Huntingtower Castle is situated about
3 miles northwest of Perth centre, just
on the outskirts of the city.
The Ruthven's owned this land from
around the 1100s. The earliest parts of
the castle seen today are from around
1488 when William Ruthven became the 1st
Lord Ruthven. The castle at that time was
known as Ruthven Castle.
There is a small entrance fee to
explore the castle rooms and walk around
the top for views over Perth. There are a
number of notice boards giving the
history of the castle and what the rooms
were used for. Postcode: PH1 3JL
See also a large Click On
Map for Top Attractions in the area.
The image top is from the entrance lane with
the car park. Large Image.
The image second top is of the castle south
The Ruthven's were close to the monarchy
with Mary Queen of Scots visiting Ruthven
Castle in 1565.
The Ruthven's were later involved in the
imprisonment of Mary Queen of Scots, and held
her son King James VI captive for 10 months.
This led to a number of Ruthven's being
executed and having their land and castle taken
Ruthven Castle was then awarded to the kings
loyal followers the Murray's, leading to the
castle being re-named Huntingtower.
Huntingtower Castle History
1100s - the land to the northwest of Perth
is believed to have been owned by the Ruthven
1488 - William Ruthven becomes 1st Lord
Ruthven. It is believed he built the two main
towers of Ruthven Castle around that time.
1565 - Patrick, 3rd Lord Ruthven,
entertained Mary Queen of Scots and her husband
Lord Darnley on their honeymoon.
1566 - Patrick Ruthven is involved in the
murder of David Rizzio at Holyrood
Palace in Edinburgh. Rizzio was the
secretary of Mary.
stabbed 56 times by Lord Darnley and his
friends after Darnley blamed Rizzio for getting
1567 February - Lord Darnley is murdered in
the orchard of Kirk o' Field
house, close to Holyrood, where he had been
1567 June - William, 4th Lord Ruthven, gets
involved in the imprisonment of Mary Queen of
Scots at Loch Leven Castle 17 miles south. Mary
was then forced to give up her crown so her one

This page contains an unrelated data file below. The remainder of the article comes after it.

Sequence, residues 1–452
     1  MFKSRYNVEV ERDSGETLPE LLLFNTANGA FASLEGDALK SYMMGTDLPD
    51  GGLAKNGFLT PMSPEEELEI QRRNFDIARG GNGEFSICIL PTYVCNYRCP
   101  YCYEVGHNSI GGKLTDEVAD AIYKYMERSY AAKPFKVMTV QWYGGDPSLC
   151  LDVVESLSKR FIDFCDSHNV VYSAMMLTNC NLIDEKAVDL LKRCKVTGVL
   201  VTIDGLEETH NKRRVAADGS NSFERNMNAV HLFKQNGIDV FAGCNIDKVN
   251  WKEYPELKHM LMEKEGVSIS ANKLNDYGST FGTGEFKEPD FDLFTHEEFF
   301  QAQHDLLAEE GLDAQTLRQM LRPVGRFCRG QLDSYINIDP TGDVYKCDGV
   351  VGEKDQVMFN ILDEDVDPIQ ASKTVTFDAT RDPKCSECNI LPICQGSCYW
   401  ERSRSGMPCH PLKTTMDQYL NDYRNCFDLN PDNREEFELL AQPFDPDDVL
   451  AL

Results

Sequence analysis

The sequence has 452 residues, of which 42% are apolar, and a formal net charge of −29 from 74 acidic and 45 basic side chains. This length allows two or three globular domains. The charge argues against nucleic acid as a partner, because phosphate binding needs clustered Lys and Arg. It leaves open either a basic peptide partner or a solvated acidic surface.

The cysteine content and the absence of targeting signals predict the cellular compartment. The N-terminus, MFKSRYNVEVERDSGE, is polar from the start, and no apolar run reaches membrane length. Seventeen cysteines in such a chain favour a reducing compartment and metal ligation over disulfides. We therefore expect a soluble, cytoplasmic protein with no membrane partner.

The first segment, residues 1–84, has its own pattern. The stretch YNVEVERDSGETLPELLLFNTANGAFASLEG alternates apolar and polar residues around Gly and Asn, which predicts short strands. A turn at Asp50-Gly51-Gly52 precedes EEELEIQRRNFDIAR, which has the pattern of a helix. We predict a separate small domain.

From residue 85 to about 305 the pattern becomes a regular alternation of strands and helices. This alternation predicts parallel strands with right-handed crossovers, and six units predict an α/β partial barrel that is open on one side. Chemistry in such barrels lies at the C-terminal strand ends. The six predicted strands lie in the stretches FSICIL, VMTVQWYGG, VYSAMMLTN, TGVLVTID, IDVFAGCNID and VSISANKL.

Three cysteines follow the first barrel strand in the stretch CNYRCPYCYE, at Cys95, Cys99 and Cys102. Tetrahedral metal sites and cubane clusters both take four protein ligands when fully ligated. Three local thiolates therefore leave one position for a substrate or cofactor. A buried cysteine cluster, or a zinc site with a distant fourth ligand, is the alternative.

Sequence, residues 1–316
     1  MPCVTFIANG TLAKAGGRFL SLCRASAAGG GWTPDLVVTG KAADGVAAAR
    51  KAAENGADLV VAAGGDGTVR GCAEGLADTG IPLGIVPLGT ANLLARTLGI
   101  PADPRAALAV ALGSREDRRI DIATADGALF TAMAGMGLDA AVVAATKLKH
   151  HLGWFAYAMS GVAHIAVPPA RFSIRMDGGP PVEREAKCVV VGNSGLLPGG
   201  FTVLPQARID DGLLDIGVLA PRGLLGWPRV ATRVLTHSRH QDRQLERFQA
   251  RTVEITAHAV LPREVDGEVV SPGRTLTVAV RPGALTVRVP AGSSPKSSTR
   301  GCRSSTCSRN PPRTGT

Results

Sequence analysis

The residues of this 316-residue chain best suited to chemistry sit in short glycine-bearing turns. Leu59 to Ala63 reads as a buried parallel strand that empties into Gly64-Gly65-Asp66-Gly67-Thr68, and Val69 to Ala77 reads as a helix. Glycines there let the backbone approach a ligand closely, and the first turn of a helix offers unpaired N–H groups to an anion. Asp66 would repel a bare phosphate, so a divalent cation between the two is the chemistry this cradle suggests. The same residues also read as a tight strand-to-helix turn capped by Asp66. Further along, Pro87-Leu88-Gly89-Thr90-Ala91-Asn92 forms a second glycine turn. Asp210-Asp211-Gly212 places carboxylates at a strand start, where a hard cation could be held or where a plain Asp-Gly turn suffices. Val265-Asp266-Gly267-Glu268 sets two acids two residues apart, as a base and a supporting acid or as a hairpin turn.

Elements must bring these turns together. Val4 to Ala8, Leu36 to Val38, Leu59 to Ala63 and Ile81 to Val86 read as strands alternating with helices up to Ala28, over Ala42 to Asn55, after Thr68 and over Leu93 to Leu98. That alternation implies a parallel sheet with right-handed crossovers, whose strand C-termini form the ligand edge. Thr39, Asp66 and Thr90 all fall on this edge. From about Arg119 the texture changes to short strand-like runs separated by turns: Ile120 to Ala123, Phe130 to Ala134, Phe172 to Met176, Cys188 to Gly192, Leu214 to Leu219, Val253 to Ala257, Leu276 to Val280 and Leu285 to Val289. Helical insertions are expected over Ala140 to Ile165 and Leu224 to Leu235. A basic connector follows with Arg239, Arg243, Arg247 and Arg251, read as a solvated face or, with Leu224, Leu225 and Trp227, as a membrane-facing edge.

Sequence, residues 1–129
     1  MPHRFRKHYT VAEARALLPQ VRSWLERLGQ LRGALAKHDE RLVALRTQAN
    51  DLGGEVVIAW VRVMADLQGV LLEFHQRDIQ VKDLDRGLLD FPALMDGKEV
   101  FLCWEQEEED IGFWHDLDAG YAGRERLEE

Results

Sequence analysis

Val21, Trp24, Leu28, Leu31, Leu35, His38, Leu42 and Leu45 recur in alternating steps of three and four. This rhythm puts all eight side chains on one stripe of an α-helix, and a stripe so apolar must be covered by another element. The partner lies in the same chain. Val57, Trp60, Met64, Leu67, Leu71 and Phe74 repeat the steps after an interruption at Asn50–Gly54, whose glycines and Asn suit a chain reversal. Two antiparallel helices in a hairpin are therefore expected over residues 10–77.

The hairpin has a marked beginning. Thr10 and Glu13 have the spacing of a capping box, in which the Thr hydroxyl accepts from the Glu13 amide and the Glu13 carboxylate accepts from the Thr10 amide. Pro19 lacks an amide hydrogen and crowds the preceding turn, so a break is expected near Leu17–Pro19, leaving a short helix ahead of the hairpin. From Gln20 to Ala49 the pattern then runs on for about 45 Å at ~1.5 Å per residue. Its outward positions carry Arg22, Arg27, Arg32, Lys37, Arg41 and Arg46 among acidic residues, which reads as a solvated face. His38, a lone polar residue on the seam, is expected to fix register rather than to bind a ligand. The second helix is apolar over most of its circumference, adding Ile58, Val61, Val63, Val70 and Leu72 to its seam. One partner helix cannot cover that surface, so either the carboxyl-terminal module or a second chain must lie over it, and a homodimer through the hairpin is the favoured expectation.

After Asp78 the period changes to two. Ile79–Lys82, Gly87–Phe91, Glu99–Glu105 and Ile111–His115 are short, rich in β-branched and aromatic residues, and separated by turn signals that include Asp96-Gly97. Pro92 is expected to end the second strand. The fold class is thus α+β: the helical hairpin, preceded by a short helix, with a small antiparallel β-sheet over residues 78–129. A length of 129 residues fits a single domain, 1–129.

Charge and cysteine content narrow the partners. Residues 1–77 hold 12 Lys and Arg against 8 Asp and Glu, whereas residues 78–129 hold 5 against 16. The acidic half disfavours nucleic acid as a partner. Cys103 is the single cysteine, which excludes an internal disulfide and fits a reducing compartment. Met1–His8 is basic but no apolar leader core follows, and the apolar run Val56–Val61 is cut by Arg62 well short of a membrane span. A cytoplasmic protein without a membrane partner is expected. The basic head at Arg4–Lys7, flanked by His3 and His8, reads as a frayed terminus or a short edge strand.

year old son James VI could become king of
1580 - the Ruthven's gained control of Scone
and rebuilt the Abbot's Palace at the Abbey to
serve as their grand residence.
1582 - William Ruthven held the 6 year old
King James VI captive for 10 months.
1584 - William Ruthven is beheaded at
Stirling for holding the king captive.
1600 - two Ruthven's were stabbed to death
at their home in Perth whilst King James VI was
visiting them. The kings guards claimed the
Ruthven's tried to kill the king. It is unknown
if they really did try to kill the king, or if
the king set them up as he did not trust the
The bodies of the Ruthven's were then tried
for high treason at Edinburgh, found guilty,
then hung, drawn and quartered.
The King then gifted the lands of Scone and
Ruthven Castle to his loyal supporters the
The Murray's added a number of buildings to
the castle with one joining the two towers
together. The castles name was changed to
Huntingtower around this time.
1767 - the wife of John Murray, 1st Duke of
Atholl, died leading to the castle being
abandoned by the Murray's.
Niel Cowan and his family looked after the
castle until they left in 2002. The castle was
then taken over by Historic Scotland to be run
as a visitor attraction with a small entry
The Murray's are one of the top clans in
Scotland with them owning Scone
Palace 4 miles east of Huntingtower.
The Murray's also own Blair Castle 33
miles northwest of Huntingtower. Scone and
Blair can be visited.